Alice Nelson-Frankin of 4222 Clinton Way was found dead in the home of her employer/companion Carol Brady, homemaker, on Sunday morning, June 1st. Her death was sudden and came as a great shock to all who knew her.
“She was never sick a day in her life,” reports Janet Brady-Covington, a former resident and frequent visitor to the Clinton Way household, “except when she would occasionally throw her back out, forcing us children to do light housework during her recoveries.”
Nelson-Franklin began a promising career in housekeeping in the service of Mike Brady, architect, and Sarah Wilcox-Brady, whose profession is unknown, soon after their marriage in 1956, to help care for their son, Gregory Stanford, who was born out-of-wedlock the year prior, and stayed through the subsequent birth of sons Peter Edward and Robert Eric. After Wilcox-Brady’s mysterious death in 1967, Mike Brady married divorcée/widow Carol Tyler Martin and officially adopted her daughters Marcia Lila, Janet Elizabeth, and Cynthia Sophia.
Nelson stayed on to cook and perform un-taxing domestic chores to help the Bradys’ now burgeoning household as they coped with various problems, often assisting in their resolution in less than 30 minutes’ time and– astoundingly– at the same time every week: 8pm on Friday evenings.
She left the Brady household in 1974, feeling she was no longer needed, and married Samuel Franklin, a local butcher. She spent the next 34 years helping run her husband’s business, honing her knife skills, discovering innovative ways of dealing with meat, and explaining to everyone who would listen that she was not Alice Brady, the Oscar-winning actress, but Alice Nelson-Franklin, the butcher’s wife.
Upon Samuel’s bowling-related death in 2008, Mrs. Franklin sold the butcher shop, which had recently seen a decline in business, in part due to her faith’s prohibition of both locally sourced charcuterie and sleeve tattoos. Having remained close to the Brady family, Franklin returned to 4222 Clinton Way as the paid companion of Carol Brady, who herself was widowed in 1992.
Mrs. Franklin is survived by her sisters Emily and Myrtle, and identical cousin Master Sergeant (Ret.) Emma Nelson.
Foul play is not suspected. Though in excellent health for a woman of her age, her ratings had been in decline for some time. She was 88.
Always a fan of economy and pork, one of her favorite recipes is shared below.
Pork Chops and Applesauce
A favorite of the Brady household, pork chops served with applesauce was certain to please even the pickiest of personalities.
Although a bit of forethought is required, this meal can be made in less than 30 minutes, if you include commercials.
Serves: 2, but the recipe is one that can be multiplied to accommodate as big a bunch as you need. (It is a well-known fact that the Brady family never ate all together, but two or three at a time in the kitchen).
• 2 two-inch thick, bone-in pork chops
• 1 quart of buttermilk
• 1 yellow onion, roughly chopped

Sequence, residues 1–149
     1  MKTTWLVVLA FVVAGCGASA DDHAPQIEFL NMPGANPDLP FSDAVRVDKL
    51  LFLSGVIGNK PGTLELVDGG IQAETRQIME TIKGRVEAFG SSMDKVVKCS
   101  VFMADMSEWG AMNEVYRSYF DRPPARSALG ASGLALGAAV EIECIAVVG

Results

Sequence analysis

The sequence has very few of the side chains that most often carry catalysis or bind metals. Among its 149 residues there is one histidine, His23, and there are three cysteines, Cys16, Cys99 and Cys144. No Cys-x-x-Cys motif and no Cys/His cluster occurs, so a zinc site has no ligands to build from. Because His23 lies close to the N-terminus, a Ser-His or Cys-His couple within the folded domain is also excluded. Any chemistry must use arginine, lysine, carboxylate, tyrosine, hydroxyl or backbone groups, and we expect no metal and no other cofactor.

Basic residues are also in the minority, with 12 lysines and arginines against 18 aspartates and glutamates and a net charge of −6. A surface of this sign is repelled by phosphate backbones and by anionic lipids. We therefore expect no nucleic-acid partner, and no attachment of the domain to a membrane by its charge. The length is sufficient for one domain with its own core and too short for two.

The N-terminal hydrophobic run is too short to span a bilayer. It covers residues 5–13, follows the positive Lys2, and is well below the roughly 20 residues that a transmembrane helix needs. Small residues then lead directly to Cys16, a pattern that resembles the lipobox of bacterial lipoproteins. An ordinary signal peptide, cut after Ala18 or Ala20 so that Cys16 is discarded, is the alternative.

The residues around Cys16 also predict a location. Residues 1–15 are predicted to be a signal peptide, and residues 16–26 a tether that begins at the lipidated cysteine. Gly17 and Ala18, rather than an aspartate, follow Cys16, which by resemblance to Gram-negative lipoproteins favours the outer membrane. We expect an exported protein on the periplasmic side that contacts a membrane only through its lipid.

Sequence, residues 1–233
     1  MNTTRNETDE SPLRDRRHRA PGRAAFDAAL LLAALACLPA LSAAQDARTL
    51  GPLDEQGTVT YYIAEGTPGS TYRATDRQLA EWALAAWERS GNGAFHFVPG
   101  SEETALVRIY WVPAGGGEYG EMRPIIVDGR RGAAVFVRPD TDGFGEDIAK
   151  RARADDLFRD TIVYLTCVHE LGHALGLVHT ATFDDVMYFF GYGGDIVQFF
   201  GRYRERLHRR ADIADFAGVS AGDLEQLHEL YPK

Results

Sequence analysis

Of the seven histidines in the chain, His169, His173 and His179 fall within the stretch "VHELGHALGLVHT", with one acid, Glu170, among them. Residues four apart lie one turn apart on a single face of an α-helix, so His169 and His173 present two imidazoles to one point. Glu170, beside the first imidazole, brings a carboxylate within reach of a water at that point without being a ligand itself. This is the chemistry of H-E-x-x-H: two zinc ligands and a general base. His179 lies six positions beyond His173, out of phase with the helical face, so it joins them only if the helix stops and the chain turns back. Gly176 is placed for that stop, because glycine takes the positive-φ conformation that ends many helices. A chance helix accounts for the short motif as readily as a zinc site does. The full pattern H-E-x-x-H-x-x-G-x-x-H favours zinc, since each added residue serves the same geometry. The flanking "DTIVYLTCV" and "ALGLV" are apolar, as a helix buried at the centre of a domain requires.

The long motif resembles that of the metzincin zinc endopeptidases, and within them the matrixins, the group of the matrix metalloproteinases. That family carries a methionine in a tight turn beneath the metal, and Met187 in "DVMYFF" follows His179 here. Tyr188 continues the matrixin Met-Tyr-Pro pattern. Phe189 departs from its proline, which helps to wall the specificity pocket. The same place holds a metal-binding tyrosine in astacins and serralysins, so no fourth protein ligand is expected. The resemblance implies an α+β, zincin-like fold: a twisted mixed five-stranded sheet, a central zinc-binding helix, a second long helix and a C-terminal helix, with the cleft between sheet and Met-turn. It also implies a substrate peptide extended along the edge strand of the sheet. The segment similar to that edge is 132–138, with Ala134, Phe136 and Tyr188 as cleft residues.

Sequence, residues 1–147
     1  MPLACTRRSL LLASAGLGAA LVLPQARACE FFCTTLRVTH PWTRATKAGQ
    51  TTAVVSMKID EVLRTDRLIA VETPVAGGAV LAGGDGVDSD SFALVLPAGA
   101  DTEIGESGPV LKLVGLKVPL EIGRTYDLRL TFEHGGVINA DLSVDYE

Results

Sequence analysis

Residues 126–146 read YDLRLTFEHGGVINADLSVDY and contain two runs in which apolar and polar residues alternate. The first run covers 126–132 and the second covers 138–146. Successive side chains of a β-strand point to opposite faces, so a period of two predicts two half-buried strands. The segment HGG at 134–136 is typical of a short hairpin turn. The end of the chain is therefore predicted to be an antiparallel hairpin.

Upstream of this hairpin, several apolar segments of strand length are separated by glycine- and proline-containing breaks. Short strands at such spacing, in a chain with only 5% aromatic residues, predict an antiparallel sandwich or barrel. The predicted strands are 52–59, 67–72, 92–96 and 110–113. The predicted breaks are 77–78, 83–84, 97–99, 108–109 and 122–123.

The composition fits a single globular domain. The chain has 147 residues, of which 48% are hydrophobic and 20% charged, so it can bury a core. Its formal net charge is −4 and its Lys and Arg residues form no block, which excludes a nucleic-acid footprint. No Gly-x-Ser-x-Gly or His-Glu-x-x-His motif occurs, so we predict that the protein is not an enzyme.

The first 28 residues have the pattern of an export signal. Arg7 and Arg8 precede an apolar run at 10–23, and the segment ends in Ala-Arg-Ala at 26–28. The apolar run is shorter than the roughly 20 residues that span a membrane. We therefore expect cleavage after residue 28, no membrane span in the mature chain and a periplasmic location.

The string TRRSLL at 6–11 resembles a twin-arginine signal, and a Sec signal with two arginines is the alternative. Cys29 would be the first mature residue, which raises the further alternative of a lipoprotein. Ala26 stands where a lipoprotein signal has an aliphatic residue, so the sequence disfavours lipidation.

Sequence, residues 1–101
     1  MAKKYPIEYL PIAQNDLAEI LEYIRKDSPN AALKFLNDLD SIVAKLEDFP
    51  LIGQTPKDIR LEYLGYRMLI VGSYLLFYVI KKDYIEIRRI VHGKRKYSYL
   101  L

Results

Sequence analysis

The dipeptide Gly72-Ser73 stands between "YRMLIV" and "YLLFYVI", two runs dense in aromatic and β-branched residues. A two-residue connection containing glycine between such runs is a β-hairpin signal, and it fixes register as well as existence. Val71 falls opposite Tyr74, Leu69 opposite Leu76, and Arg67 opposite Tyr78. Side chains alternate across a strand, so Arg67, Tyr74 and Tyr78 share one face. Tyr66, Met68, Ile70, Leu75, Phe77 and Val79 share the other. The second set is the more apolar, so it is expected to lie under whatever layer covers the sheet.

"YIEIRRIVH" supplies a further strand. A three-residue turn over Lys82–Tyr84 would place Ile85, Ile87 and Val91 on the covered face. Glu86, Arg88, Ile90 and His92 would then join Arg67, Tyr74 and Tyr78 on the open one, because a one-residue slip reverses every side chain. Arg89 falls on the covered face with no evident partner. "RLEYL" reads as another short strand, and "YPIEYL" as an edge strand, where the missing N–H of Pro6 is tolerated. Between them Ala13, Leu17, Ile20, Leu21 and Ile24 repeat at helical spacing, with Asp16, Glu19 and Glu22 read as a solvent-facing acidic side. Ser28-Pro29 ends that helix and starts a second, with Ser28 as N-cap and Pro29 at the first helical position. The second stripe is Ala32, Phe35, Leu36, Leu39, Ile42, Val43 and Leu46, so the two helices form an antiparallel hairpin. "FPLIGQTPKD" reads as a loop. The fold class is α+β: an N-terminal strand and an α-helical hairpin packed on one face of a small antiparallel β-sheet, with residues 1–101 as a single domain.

• 3 or 4 cloves of garlic, smashed and minced
• Plenty of salt
• A few fresh sage leaves (optional)
• Flour for dredging, if you like (this is also not absolutely necessary)
• 3 tablespoons of Wesson oil. (Olive oil may be substituted.)
• A jar of your favorite applesauce– if you are solving the problems of two adults, six children, and an accident-prone cousin, you do not have time to prepare and jar your own.
1. In a large casserole dish, place the pork chops and rub them well with salt. Sprinkle the chopped onion, garlic and (if you feel like it) sage leaves around them and then drown everything in buttermilk. Cover well and refrigerate overnight.
2. Pre-heat your oven to 400°F.
3. Add your cooking oil to a large cast iron skillet, which has been placed upon your stove directly over a burner– either gas or electric– and turn the heat to medium.
4. As your oil is heating, remove your chops from the buttermilk, shaking off the excess, and then pat them somewhat dry with paper towels. Dredge the chops in flour, if you are using it, and shake of that excess. Check the temperature of the oil. If a drop of buttermilk sizzles and spurts, jumping out of the pan, burning your forearm, the oil is hot enough. Sear each chop on one side until said side is golden brown (about 3 minutes). Turn them over and let them brown a bit on the other side, but do not worry to excess about their color. Pop the skillet into the oven, ensuring that both chops are still inside said skillet.
Cook for about 20 minutes, checking in on them with a gentle prod to their centers at about minute 15. If the chops are firm, they are most likely done. Remove from the oven. If the bottom sides of the chops are not browned to your liking, return them to the stove top and finish your business with them. But this isn’t really necessary.
Let the chops rest for a few minutes before eating.
To serve, place large spoonfuls of applesauce onto a dinner plate and a heaping dollop of mashed potatoes*. Lay a chop on top of both pulverized substances, serve on your favorite orange formica pedestal table and enjoy.
* You may, if you wish reserve some of the mashed potatoes for dessert– a reliable source (a teenaged Universal Studio tour guide) has told us that they made an excellent stand-in for ice cream under the hot lights of the Brady Bunch set. Serve with Bosco, which, as everyone knows, made an eerily good stand-in for blood in the shower scene from Psycho (1960).